- a small, hard seed, especially the seed of a food plant such as wheat, corn, rye, oats, rice, or millet.
- the gathered seed of food plants, especially of cereal plants.
- such plants collectively.
- any small, hard particle, as of sand, gold, pepper, or gunpowder.
- the smallest unit of weight in most systems, originally determined by the weight of a plump grain of wheat. In the U.S. and British systems, as in avoirdupois, troy, and apothecaries' weights, the grain is identical. In an avoirdupois ounce there are 437.5 grains; in the troy and apothecaries' ounces there are 480 grains (one grain equals 0.0648 gram).
- the smallest possible amount of anything: a grain of truth.
- the arrangement or direction of fibers in wood, or the pattern resulting from this.
- the direction in which the fibers of a piece of dressed wood, as a board, rise to the surface: You should work with or across the grain, but never against.
- the side of leather from which the hair has been removed.
- a stamped pattern that imitates the natural grain of leather: used either on leather to simulate a different type of natural leather, or on coated cloth.
- the fibers or yarn in a piece of fabric as differentiated from the fabric itself.
- the direction of threads in a woven fabric in relation to the selvage.
- the lamination or cleavage of stone, coal, etc.
- Metallurgy. any of the individual crystalline particles forming a metal.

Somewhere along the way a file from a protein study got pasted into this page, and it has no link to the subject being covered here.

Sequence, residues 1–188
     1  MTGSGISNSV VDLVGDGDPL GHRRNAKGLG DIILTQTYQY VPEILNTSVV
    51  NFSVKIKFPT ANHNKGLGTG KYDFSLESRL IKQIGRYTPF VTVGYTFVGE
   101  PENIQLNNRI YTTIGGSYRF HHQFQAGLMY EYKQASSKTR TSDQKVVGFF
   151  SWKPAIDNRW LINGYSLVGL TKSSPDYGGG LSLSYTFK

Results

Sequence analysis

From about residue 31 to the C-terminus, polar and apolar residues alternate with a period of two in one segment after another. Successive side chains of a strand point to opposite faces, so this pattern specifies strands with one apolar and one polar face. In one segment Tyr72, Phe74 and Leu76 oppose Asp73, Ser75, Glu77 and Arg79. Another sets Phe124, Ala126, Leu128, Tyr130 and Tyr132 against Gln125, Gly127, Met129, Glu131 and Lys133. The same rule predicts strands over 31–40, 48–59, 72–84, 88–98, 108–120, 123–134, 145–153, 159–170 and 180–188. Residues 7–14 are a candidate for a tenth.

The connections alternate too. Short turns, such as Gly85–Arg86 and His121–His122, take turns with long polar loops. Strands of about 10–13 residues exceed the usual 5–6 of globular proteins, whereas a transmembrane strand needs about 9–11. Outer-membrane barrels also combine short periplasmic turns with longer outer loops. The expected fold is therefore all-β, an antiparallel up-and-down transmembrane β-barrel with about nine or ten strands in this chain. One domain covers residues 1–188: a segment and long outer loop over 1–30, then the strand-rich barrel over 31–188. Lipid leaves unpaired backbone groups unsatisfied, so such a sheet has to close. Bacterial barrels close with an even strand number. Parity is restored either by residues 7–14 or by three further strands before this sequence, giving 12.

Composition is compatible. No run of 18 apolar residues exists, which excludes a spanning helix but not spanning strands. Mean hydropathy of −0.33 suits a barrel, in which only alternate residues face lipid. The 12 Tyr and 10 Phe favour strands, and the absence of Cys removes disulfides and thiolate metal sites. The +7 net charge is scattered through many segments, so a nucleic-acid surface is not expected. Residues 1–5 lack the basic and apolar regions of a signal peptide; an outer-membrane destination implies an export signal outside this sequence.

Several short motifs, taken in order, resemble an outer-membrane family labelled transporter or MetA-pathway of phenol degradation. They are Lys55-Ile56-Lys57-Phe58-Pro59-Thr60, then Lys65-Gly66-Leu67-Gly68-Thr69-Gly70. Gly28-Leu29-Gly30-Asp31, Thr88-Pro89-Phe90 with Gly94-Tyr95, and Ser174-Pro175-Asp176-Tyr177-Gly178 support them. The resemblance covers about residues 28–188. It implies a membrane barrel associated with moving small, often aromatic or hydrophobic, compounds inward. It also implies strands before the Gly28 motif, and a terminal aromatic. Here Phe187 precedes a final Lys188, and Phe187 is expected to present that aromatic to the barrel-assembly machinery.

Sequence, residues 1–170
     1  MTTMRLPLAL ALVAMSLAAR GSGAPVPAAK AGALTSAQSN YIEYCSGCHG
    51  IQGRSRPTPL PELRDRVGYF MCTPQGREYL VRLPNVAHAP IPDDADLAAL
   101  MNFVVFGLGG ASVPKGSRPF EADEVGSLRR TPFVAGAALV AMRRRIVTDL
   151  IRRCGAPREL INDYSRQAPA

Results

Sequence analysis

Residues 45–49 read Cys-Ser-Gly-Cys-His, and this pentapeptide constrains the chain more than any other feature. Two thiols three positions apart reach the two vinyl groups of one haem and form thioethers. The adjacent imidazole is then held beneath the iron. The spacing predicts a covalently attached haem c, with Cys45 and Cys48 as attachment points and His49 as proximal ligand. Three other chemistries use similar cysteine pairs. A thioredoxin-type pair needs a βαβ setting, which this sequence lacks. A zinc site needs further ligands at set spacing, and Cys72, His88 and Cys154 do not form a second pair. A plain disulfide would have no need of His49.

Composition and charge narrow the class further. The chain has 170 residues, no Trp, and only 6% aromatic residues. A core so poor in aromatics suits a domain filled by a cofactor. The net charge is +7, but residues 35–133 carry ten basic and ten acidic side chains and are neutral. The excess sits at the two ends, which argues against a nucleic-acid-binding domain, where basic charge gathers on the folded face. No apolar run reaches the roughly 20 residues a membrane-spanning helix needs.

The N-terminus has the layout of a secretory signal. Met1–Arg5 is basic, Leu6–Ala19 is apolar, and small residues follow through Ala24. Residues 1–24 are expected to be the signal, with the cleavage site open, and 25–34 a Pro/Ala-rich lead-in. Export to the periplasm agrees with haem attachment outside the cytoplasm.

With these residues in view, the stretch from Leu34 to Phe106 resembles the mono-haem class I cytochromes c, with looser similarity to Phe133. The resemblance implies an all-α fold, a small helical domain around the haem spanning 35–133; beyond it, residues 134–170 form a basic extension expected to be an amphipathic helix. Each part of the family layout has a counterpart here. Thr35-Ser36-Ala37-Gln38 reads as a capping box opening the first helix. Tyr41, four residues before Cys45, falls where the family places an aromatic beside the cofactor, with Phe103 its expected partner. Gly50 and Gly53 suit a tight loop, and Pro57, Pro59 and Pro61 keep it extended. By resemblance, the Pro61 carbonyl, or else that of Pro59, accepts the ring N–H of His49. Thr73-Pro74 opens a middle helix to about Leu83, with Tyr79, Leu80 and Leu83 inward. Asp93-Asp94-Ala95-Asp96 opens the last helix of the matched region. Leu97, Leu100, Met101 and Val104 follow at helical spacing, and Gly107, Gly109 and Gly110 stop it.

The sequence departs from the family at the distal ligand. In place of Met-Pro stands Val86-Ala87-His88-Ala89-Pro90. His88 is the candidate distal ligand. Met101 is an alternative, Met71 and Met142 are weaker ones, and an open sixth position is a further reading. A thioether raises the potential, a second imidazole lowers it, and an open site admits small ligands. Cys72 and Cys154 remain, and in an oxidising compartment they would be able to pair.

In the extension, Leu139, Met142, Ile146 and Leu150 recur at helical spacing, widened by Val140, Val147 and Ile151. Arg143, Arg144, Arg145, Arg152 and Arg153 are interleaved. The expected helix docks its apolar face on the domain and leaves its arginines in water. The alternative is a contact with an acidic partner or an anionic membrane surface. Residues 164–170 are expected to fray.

- Jewelry. a unit of weight equal to 50 milligrams or ¼ carat, used for pearls and sometimes for diamonds.
- the size of constituent particles of any substance; texture: sugar of fine grain.
- a granular texture or appearance: a stone of coarse grain.
- a state of crystallization: boiled to the grain.
- temper or natural character: two brothers of similar grain.
- Rocketry. a unit of solid propellant.
- Obsolete. color or hue.
- to form into grains; granulate.
- to give a granular appearance to.
- to paint in imitation of the grain of wood, stone, etc.: metal doors grained to resemble oak.
- to feed grain to (an animal).
- to remove the hair from (skins).
- to soften and raise the grain of (leather).
- against the/one's grain, in opposition to one's temper, inclination, or character: Haggling always went against her grain.
- with a grain of salt. salt1(def 24).
Origin of grain
SynonymsSee more synonyms for grain on Thesaurus.com
Examples from the Web for grain
Stalin, now one of the top men in the party, was sent there by Lenin to ensure that grain was getting shipped to Moscow.Kotkin Biography Reveals Stalin's Evil Pragmatism
November 30, 2014
Against the Grain By Michael Specter, The New Yorker Should you go gluten-free?The Daily Beast’s Best Longreads, Oct 27-Nov 2, 2014
November 2, 2014
With this tool, Death is illustrated in many a 15th-century woodcut mowing down souls as if they were grain.Ebola Rages in West Africa, Reigniting Humanity’s Oldest Fear: The Plague
August 4, 2014
“Mostly vodka and grain alcohol, because that got you really drunk, really fast,” he says.Jim Norton And His Many Vices
July 25, 2014
Decent ryes take anywhere from five to 10 years to age, and there's a shortage of grain producers.Why Rye Is The Nation's Spirit, And Why No One Can Get It
July 12, 2014
As a result the grain in the Egyptian markets had greatly increased in value.Ancient Man
Hendrik Willem van Loon
The object may be as small as a grain of dust or as big as a warship; to the water it is all the same.The Conquest of Fear
When the grain is sufficiently grown it is elevated to the kilns.
He collected what he wanted grain by grain from bushels of chaff.The Leopard Woman
Stewart Edward White
She went with him to haul the grain to mill and was fascinated by the big scales.Dust
Mr. and Mrs. Haldeman-Julius
- the small hard seedlike fruit of a grass, esp a cereal plant